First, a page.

The Weirdest Things that Happened in the Past Decade

Australia may be leading the world in a list of strangest things

This decade has seen a myriad of weather anomalies and unusual encounters. From the strange red dust that descended on Australia’s capital cities, to the bizarre balls of ice that piled up along the Siberian coast, what are the decade’s strangest things?

Giant Snow Balls Appear on Russian Beach

Last year residents of North West Siberia were greeted with an unusual site. Giant cylindrical ice piled along the beach. The 18km stretch of coast was covered in the giant snow balls, prompting an influx of people taking selfies in the area.
The balls in question, which range from tennis ball sized to around 1m in diameter are a rare environmental occurrence. The balls are formed by the rolling action of wind and waves on ice crystals in the ocean.

Min Min Lights

Image: National Geographic

First reported in Boulia, May 1918, the eerie Min Min lights have been said to reduce men to tears. Described as fluorescent, hovering balls, the lights appear just above the horizon. Although sightings are rare, the mysterious outback lights attract many visitors. The town’s folk of Boulia have lived with the mystery for over a century, stimulating some rather terrifying folklore. Parents tell their children to behave otherwise the Min Min lights would and steal them away, Indigenous Australians consider the lights to be spirits and some locals believe that if the Min Min lights ever catch up with you, you will disappear inside them forever.

Tasmania’s Glowing Coast



Preservation Bay near the town of Penguin was invaded by the bioluminescent phytoplankton – or “Sea Sparkle” early 2017.  As the name suggests - Sea Sparkle are a type of microalgae that excrete glowing fluid as a defence mechanism.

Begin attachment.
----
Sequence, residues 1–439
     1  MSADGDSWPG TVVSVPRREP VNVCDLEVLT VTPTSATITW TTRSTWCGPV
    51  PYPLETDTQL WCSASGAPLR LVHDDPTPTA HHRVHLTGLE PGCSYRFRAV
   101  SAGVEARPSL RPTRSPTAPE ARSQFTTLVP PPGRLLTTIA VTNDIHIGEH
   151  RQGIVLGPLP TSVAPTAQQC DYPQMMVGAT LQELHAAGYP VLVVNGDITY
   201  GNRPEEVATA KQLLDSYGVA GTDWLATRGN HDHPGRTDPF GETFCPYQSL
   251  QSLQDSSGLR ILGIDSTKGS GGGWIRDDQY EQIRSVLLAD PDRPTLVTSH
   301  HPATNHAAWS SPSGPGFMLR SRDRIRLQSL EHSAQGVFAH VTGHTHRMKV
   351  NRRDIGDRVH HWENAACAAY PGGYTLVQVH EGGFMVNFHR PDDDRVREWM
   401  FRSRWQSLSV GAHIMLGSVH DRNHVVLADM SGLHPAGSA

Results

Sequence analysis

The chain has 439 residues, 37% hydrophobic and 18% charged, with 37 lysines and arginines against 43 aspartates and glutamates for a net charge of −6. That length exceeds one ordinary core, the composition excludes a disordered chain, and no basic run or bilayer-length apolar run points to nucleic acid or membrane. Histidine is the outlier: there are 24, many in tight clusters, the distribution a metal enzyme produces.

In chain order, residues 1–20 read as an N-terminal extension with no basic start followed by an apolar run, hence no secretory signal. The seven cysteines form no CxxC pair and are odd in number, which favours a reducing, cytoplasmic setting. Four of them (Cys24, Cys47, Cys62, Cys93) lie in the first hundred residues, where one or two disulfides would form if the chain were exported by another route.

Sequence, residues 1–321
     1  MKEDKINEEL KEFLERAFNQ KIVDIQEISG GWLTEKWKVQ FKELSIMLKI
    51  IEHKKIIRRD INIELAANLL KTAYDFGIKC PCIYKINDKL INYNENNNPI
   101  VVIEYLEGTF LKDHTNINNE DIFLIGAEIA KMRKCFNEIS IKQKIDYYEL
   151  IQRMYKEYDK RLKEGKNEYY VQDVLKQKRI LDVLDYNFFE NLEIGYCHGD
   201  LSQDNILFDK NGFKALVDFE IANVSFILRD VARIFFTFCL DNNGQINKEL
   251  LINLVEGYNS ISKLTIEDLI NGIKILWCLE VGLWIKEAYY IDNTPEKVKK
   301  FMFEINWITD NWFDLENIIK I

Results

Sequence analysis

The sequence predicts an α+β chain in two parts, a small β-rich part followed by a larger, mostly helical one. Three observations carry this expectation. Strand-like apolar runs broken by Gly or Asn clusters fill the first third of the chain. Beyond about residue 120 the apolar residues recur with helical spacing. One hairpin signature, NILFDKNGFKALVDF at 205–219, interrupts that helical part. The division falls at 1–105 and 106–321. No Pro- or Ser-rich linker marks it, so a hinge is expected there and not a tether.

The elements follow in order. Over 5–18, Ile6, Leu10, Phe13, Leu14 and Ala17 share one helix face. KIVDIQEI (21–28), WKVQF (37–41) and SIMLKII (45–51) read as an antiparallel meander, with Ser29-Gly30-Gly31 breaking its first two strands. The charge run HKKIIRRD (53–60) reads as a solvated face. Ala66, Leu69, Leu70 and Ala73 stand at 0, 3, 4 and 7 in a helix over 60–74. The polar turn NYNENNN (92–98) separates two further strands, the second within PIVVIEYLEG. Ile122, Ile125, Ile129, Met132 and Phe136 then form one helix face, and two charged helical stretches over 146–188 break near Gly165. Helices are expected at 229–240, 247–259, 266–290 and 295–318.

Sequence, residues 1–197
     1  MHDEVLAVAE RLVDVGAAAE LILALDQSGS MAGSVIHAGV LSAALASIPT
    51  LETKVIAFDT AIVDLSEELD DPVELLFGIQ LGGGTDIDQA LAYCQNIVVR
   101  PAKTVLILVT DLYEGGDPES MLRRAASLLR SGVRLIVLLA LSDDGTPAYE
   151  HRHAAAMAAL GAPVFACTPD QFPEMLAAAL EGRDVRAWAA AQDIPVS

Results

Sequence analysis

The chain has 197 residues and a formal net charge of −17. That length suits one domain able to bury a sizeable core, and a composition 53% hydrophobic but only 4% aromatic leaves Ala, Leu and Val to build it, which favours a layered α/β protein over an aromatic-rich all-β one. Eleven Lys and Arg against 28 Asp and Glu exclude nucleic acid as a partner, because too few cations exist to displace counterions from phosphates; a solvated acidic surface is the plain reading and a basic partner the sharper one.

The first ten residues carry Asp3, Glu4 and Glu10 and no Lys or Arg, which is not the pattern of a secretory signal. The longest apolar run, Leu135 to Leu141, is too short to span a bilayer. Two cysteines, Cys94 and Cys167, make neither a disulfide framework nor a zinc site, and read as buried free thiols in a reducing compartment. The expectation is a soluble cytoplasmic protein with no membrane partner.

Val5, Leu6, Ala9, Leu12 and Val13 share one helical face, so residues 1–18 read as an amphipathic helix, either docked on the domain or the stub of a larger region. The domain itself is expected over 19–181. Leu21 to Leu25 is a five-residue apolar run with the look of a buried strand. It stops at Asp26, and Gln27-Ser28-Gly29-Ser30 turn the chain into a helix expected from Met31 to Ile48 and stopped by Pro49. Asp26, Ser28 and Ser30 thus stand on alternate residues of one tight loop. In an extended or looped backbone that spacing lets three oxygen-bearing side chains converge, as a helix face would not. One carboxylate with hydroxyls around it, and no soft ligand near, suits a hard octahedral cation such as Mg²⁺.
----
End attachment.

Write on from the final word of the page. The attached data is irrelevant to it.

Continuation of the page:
Green Balls Discovered on an Aussie Beach

Image:Nina Mathews Photography

They might look like something from outer space, but these strange balls are a natural phenomenon right here on Earth.

In September of 2014, locals descended on Dee Why beach for a morning swim and were confronted with a strange sight. Hundreds of green balls had washed ashore overnight. Around the size of golf balls, the green spheres were most likely living balls of algae commonly known as lake balls. Scientists say bountiful sunshine and rough currents combinedto create the perfect conditions for something known as 'aegagropilious' to take place, this is the tendency of free living algae to agglomerate into spheres.
The species itself is called Aegagropila Linnaei, and is in fact widespread.It is only in this particular form - as lake balls - that the algae is rarely seen.

When Spiderweb Covered New Zealand

Image:National Geographic 

A field in New Zealand has been covered in a 30-metre weave spider web. The Bay of Plenty was blanketed by the natural phenomena fondly known as “spider bum parachutes.”
The web appeared after heavy bouts of rain flooded the area. Parents discovered the strange ribbons of web when dropping their kids off for sport.

The rally of high-flying spiders, known as a mass ballooning event, occurs when spiders crawl to the highest points of their habitat—say a fence pole, or a tall plant—and send out silk strands that allow them to be lifted on air currents.

They land and occupy the surrounding area. This astounding event is a huge evolutionary breakthrough and just one example of why spiders have been a successful group.

Lead Image: Nina Mathews Photography

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